So there still remains some work to be done in scintillation material selection. or at least to consider some options, like a combo etc, lets see what shakes out of the tree, if its sweet I will eat it....Lutz

PS: Just for fun attached is a design for a photodiode version of a ZnSe(Te) mix based beta detector, the same principals should work for PMT's.
One Example of Principal.....
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Re: Small radiation detector

Postby Doug Coulter » Tue Aug 10, 2010 9:14 am

Well, I think it may be a good idea to continue this specsmanship game a little longer, because it will help us and others understand the specs better and how they
might relate to a small, practical detector setup. I do like the interchangeable head idea, and already use it here in nearly everything, partly because it also
amounts to an interchangeable back end too, and one sensor might give more than one kind of information, say counts vs pulse heights or total energy. Some detectors
flag the difference between a gamma hit and a neutron hit not by total light, but by pulse width mainly. Recoil protons in plastic from a neutron hit can individually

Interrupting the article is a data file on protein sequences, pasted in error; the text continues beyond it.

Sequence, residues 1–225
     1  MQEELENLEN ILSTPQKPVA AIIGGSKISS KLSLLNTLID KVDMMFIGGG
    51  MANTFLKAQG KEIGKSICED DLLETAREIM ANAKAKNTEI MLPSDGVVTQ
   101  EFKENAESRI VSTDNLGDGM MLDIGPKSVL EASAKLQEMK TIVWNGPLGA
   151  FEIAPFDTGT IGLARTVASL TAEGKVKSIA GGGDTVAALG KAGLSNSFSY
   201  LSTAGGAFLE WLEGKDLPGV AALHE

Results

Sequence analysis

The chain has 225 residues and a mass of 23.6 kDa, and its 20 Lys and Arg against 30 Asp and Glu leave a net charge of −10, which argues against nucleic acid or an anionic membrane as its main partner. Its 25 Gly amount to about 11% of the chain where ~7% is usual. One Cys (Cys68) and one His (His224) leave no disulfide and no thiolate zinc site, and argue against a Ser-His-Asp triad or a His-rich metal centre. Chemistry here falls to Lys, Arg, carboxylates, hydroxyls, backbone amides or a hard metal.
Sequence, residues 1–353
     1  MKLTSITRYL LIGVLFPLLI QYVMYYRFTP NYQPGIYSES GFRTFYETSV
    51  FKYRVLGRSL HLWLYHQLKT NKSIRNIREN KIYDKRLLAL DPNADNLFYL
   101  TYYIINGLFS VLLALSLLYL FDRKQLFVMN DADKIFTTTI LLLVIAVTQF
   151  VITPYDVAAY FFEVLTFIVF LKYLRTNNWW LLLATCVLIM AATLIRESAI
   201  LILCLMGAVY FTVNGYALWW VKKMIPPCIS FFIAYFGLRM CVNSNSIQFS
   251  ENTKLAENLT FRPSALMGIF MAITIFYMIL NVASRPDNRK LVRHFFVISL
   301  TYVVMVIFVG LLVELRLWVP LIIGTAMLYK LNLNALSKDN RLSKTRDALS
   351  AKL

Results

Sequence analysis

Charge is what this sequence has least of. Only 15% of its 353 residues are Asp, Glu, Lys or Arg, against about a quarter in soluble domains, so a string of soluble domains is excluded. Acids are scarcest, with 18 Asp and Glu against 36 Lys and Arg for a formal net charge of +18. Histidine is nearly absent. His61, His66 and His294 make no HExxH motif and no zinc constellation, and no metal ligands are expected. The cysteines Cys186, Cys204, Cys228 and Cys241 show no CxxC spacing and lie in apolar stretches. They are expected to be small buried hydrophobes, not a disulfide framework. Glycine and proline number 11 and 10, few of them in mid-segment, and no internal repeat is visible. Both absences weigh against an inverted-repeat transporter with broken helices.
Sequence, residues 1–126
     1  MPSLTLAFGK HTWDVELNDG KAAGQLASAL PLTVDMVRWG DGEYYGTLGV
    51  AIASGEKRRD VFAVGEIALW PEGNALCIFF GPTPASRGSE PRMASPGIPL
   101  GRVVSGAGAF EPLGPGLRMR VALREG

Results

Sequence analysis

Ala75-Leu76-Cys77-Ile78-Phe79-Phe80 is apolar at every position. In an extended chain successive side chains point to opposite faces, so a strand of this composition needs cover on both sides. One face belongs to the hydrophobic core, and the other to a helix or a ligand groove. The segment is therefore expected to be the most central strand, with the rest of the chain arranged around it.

take on any energy from near zero to about half the energy of the neutron, with a fairly square distribution. The general case is that if the scintillator is
long enough in the direction the neutron came in, and large enough, there will be severl recoil protons per neutron, with some time smear, so instead of
providing a pulse height that tracks neutron energy, you get a wider pulse for neutrons, and the total energy in that wider pulse is the thing that somewhat
correlates with the incoming neutron energy. Gammas will tend to make a skinny pulse, the width of which is determined by the scintillator/phototube
characteristics. Usually the scintillator is the slow part, as most modern phototubes will keep the time spread under 5 ns or so. The plastic scintillators only
add to that a little, while nearly all the others are much slower and kind of negate the ability to use pulse width as a meaningful input.

One extremely important aspect that has been left out so far is a spec called "radiation length". This is the length of scintillator that it will take to completely
absorb radiation of a given type/energy and change it to photons, and it matters a lot in all detector types. To give an example, it might take a 3" deep NaI
to absorb the same energy gamma fully as it does a 1" BGO. The specs Lutz has been giving, if I remember my books correctly is photons per absorbed energy.

Now, if you are simply counting pulses, you may not care one bit about that as long as for the things of interest, you get enough photons to get a count out of
the phototube noise -- once you "digitize" a pulse into a 1 or a 0 (for pulse or not-pulse) it no longer matters. In that case what does matter is whether